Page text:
The more easily you write, the worse you spell?

By Holly Lisle

Initially, I thought it was just me. I’d really get ripping on a story, sink into the flow of the thing, the world would go away, and my spelling would go to pieces.

Then I noticed that it went to pieces in a very specific way. I misspelled homophones. You know, the words that sound like words that mean something completely different, and are also spelled differently.

I spent some time thinking about this, and devised a theory about why it happened, but figured it was just one of my peculiarities.

Over the years, other writers would mutter something that sounded like the same problem, but nothing really pinged on me.

Then yesterday while I was doing revisions, I was also online with Jean, and, typing fast, I typed something like, “We’re having the same weather hear.”

And of course, caught it a second too late, and typed her the one word correction “here.”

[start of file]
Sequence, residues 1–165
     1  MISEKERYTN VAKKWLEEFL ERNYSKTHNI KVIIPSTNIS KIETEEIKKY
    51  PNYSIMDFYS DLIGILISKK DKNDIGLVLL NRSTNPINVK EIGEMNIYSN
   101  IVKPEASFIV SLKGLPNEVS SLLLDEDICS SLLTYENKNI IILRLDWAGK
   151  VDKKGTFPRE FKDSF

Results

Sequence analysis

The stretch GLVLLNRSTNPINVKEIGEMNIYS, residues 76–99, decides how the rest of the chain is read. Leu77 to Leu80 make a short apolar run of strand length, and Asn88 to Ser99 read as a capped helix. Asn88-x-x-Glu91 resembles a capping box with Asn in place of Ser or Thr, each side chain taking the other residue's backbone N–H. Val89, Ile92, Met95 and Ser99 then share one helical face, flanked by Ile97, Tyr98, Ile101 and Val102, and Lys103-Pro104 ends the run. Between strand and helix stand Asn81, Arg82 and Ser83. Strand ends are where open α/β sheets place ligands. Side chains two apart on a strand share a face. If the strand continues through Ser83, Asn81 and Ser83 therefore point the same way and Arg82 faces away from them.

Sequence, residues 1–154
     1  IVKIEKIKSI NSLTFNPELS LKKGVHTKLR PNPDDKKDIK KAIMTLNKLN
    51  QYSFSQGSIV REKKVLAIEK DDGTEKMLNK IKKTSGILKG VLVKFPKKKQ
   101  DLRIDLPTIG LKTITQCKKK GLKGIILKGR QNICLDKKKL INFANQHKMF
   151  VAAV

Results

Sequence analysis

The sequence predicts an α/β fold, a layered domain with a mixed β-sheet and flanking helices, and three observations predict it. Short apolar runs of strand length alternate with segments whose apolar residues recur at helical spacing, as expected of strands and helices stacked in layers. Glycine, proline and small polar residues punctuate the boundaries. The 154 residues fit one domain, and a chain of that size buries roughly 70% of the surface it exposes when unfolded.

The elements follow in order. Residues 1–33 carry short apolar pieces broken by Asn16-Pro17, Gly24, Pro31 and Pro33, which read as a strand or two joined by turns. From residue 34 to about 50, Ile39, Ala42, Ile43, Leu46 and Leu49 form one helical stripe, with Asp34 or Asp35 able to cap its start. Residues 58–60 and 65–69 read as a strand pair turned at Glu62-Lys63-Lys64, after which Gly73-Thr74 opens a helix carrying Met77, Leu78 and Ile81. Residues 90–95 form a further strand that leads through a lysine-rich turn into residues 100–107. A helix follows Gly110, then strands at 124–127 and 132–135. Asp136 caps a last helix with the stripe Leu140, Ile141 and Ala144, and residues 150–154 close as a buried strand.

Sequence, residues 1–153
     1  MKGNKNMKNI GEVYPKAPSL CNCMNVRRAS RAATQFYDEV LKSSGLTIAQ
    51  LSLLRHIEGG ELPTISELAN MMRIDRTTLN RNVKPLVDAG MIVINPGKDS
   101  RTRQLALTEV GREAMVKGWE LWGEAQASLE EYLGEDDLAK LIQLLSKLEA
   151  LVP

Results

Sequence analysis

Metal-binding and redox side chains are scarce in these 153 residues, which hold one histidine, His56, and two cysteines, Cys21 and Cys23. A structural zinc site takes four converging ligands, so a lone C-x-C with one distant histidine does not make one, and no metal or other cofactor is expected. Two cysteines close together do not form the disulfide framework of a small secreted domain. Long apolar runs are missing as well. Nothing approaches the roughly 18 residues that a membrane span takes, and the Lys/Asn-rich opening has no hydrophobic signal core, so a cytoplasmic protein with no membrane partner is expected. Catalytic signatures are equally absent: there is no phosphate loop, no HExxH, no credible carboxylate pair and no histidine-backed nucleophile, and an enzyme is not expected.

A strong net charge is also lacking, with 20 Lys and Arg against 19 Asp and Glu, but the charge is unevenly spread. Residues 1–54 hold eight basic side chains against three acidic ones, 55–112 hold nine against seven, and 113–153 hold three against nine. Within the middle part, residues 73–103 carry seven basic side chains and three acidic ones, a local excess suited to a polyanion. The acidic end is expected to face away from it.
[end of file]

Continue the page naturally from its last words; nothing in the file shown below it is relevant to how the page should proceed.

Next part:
She spotted it, and said she’d been doing the same thing more lately, and it was driving her nuts.

I’ve had to correct ‘thrown’ into ‘throne’ in the current revision. Multiple instances of to/too/two errors.

It’s always homophones for me. I’m curious if you’re catching yourself doing the same thing.

So here’s my theory.

When you’re in flow, the subconscious is in control of what you put on the page. The subconscious is not a picky speller. That’s the job of your internal editor, your conscious mind. Your non-muse, as opposed to your muse. Your muse is content that you got the word that sounds right on the page, because your muse hears and feels the words. It doesn’t process them as letters.

If this theory is true, then noticing that you’re making homophone errors in your writing would be a way of telling that you’d connected with your muse.

This theory may also, of course, be a load of horse hockey. But have you noticed anything like this happening to you when you write?

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